I eventually became a high school coach, largely because of that night. Our teams at Encinal competed against the O'Dowd teams in the 90's and Mike was always complimentary and even helpful when he could be. After Mike retired, I ran into him at a summer tournament when I was coaching the Dublin girls in 2009. I asked him about some particular basketball points and he said he'd be glad to help me any way he could. For the next few years, Mike came to some of our practices and summer camps. He came to many of our games. And he was kind enough to invite me to his home in San Leandro for some one on one classroom sessions. I was in awe and honored to have his friendship for these few years. He created binders designed to help the specific needs of our teams. And he even went out of his way to make sure he used the pronoun "she" or "her" to describe particular situations in his writings. Wow!!  The advice and materials he gave me were so insightful and so successful that I always felt that we had a big advantage over our competition that no one knew about.
Of course, anyone who ever went to Mike's house had to spend some time in his trophy and memorabilia room. It was basically a Bay Area high school basketball museum. A true place of honor. I would soak in all the history that defined this man. And Mike was so cool; he would go in the other room for a while and allow me to peruse to my heart's content.
Coach, I just want to thank you for befriending me for those few years and lending your wisdom to our program. You were always complimentary to what I was trying to do and you were always respectful of my limited knowledge and you never tried to over impose your greatness. Your humility and kindness were always prominent.
Rest in peace my friend. The world will somehow have to move on without the greatest high school coach/teacher of all time.

My last story

Shared by Paul Phelps on October 16, 2019
We made it to the championship game of the Babe Ruth district championship which was composed of all star teams from all of the different leagues throughout the East Bay.Mike was the coach of Oakland American because our team,had won the league.He had to choose the all star team from all the teams in our league.He chose me to be on that team and I remember people questioning why I was on it.Let’s just say that guys can be a little insensitive, especially at that age,and I was not the most popular guy on the team to say the least. So we make it to the championship and we are playing Hayward.They have to beat us twice to win the title and advance to the Northern California championships.They beat us in the first game and force the final do or die game.There were a lot of games played in that tournament and I had only pitched a couple meaningless innings.Out of nowhere,Mike decides that I am going to pitch the final game at Cal State Hayward.To this day I can see the guy who wanted to pitch throwing his glove off the fence in anger down the left field line.Note,this guy was a big basketball star at O’Dowd a year later.Needless to say it was a controversial decision and it was pretty tough.Nobody wanted me to pitch.I didn’t”t even want to pitch.The reason Mike chose me was not because of nepotism,but because Hayward was the best hitting team in the tournament and they were great fastball hitters.After just losing to them a half hour earlier,Mike determined that because I didn’t throw hard and had a really good slow curve,that I was the better choice.He did not care what anyone thought.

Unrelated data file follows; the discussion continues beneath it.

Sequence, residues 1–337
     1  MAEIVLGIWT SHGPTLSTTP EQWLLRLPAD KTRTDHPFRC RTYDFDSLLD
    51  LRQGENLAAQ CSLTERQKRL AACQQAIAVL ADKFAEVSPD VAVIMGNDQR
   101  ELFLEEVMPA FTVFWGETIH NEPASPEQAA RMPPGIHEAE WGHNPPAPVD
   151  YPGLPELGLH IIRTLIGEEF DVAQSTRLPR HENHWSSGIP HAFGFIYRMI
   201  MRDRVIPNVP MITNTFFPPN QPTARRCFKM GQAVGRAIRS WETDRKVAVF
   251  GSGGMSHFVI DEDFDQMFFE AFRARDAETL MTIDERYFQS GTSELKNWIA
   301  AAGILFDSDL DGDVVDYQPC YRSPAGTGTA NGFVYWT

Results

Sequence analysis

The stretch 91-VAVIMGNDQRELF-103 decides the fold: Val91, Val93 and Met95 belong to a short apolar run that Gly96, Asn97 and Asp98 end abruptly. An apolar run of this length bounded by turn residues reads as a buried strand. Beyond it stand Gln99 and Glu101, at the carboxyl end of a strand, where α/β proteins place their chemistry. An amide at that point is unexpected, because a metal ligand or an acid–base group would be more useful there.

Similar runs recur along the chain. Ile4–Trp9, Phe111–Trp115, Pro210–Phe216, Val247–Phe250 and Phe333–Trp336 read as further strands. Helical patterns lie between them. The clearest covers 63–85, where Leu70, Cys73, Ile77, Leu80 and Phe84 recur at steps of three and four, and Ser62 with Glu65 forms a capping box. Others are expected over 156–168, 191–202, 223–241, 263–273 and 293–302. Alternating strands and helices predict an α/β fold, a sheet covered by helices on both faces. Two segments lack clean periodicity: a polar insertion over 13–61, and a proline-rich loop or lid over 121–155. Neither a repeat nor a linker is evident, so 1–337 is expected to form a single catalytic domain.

So we get to the 5th inning and we are ahead 2 to 1,Hayward has the bases loaded,2 outs and the best hitter in the entire tournament at the plate.We get to a count of 3 and 2 and I look at Mike in the dugout and we both know what has to happen.If I throw the guy a fastball he is going to hit it really hard somewhere and if I walk him the game is tied.I have to throw a big slow curve.I do and he is so surprised he doesn’t even swing and the ump calls strike 3.We win the game I believe 5 to 1 and Mike’s gutsy decision proves to be the right one,as usual.Nobody else believed in me, but Mike did